Othello may provide another example of litost. Iago seeks to be promoted to the rank of Othello’s lieutenant, and several people intercede for him. But Othello gives the position to someone else. Many commentators have argued that Iago harms Othello out of “motiveless malignity”, while others have said that Iago is consumed by jealousy, believing that Othello and others have “leaped into my seat”. Perhaps commentators have paid too little attention to Iago’s litost, too little attention to the misery and humiliation caused by his failure to be promoted to lieutenant. “But surely Iago’s revenge is out of proportion to the slight he suffered.” Perhaps, but litost doesn’t concern itself with exact proportions, it longs to strike back, and the blow it inflicts may well exceed that which it has suffered.
A third example of litost is Ahab, who is ‘miserable and humiliated’ as a result of his wound. Ahab’s leg-and-foot injury may be symbolic castration — an extreme form of ‘misery and humiliation’. Ahab longs to strike back at Moby Dick, who has caused his wound. “Wait a minute, wait just a minute. In your 5/3/03 issue, you discussed Ahab, ascribed his behavior to a ‘shadow power’, and quoted a disciple of Jung, who said that shadow drives are very difficult to overcome. Now you’re ascribing the same behavior to litost!” Litost is clearly a close relative of Jung’s shadow, and the two concepts illuminate each other. Both litost and the shadow affect people in general, not just those who are “bad” or “evil”, they affect Hamlets as well as Iagos. Is it possible that we all possess the malice of Iago, or at least the potential for such malice? Is it possible that there’s nothing special about Iago? The noted Shakespeare interpreter Wilson Knight argues that there’s nothing special about any of us, that on a fundamental level, people are alike.5
Kundera, however, argues that some people are particularly susceptible to litost: those who have a high opinion of mankind, and are therefore crushed by their own weakness. Kundera writes thus: “Anyone with wide experience of the common imperfection of mankind is relatively sheltered from the shocks of litost. For him, the sight of his own misery is ordinary and uninteresting. Litost, therefore, is characteristic of the age of inexperience. It is one of the ornaments of youth. Litost works like a two-stroke engine. Torment is followed by the desire for revenge. The goal of revenge is to make one’s partner look as miserable as oneself.”6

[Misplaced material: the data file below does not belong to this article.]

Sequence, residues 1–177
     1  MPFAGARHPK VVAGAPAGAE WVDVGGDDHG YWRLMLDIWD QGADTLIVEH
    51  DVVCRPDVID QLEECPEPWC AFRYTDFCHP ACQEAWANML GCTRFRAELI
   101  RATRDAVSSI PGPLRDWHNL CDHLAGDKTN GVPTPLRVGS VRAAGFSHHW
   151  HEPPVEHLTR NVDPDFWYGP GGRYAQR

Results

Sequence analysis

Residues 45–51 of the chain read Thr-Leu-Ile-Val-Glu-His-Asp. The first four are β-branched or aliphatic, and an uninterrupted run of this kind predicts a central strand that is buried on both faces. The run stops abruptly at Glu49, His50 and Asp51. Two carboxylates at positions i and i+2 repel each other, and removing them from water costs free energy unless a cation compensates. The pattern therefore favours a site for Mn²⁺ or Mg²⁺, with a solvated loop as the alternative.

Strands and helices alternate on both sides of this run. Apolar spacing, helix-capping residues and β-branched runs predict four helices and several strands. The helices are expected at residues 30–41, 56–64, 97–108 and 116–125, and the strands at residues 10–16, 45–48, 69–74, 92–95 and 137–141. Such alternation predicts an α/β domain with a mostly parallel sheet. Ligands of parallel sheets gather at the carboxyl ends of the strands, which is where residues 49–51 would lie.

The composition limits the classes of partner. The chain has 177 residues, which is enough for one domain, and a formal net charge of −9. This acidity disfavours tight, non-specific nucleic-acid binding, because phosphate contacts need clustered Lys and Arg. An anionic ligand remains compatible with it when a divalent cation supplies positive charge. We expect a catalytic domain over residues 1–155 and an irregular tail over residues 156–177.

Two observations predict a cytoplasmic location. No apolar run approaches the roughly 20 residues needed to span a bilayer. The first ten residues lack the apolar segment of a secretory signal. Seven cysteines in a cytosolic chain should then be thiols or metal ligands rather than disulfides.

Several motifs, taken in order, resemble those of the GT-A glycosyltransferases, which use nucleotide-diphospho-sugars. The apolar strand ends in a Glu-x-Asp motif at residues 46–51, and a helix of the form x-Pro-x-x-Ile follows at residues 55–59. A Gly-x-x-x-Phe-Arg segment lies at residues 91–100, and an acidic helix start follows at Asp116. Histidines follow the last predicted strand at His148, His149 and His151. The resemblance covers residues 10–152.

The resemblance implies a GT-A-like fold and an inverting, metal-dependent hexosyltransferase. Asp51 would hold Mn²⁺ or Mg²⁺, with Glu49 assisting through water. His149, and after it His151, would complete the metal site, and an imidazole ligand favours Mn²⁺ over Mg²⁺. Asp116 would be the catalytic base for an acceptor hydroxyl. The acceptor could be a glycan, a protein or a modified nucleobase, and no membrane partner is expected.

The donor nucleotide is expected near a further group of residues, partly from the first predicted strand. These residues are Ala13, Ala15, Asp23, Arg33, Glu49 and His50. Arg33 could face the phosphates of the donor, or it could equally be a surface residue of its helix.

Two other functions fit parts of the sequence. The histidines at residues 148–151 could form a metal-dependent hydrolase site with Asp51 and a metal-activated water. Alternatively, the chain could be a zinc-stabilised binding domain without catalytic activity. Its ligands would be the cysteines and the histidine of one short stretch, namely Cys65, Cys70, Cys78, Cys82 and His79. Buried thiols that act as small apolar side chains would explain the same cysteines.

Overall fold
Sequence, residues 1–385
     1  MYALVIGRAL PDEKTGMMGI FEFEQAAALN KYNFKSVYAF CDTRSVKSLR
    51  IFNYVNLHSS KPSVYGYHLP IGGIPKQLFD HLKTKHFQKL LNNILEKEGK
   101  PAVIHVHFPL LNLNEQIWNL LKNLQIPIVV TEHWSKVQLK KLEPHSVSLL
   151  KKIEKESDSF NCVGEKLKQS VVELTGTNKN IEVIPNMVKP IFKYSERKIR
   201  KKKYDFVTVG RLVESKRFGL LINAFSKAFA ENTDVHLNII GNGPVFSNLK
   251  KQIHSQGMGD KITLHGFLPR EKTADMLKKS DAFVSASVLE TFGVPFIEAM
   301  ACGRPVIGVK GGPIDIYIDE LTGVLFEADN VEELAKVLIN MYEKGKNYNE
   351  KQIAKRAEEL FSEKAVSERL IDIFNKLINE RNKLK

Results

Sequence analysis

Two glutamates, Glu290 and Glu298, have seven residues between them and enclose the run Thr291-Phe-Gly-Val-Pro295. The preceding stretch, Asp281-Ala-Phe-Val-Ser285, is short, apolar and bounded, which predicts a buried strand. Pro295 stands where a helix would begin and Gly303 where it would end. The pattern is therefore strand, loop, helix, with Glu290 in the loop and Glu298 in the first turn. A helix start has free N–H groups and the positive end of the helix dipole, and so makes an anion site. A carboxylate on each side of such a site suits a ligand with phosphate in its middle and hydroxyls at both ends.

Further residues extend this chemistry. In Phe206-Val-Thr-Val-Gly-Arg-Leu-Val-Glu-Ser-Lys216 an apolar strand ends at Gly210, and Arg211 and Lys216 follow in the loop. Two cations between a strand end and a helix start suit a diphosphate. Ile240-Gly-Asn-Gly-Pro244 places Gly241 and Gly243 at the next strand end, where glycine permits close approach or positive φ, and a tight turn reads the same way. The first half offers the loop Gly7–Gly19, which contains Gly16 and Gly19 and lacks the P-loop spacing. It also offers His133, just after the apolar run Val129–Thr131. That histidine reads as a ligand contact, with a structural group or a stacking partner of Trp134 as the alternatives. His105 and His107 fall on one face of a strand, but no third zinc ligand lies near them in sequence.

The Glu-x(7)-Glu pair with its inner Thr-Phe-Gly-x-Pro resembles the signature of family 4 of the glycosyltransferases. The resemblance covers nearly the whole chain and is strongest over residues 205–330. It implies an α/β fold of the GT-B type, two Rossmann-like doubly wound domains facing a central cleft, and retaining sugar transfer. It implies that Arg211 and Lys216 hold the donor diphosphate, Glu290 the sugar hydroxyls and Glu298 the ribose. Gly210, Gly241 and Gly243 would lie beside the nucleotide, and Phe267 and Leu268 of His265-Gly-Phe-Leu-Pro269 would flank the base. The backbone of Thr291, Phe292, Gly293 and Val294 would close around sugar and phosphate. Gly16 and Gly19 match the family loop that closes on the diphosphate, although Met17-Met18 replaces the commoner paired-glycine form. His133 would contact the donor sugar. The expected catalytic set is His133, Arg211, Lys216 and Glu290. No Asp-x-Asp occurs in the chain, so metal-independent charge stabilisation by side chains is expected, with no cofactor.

Revenge takes different forms, depending on whether one is stronger or weaker than the other party. If one is stronger, one can attempt direct injury; this is the approach of Ahab, and of the fairy in Sleeping Beauty. If, on the other hand, one is weaker, one attempts indirect injury; this is Iago’s approach. Another form of indirect revenge is injury to oneself — killing oneself instead of killing the other party. “The child plays a wrong note on his violin over and over until the teacher goes mad and throws him out the window. As he falls, the child is delighted by the thought that the nasty teacher will be charged with murder.... A man possessed by [litost] takes revenge through his own annihilation.”7 In Chinese history, suicide has often been used as a way of striking a blow at someone; women, especially, being the weaker party, have often used this method of revenge.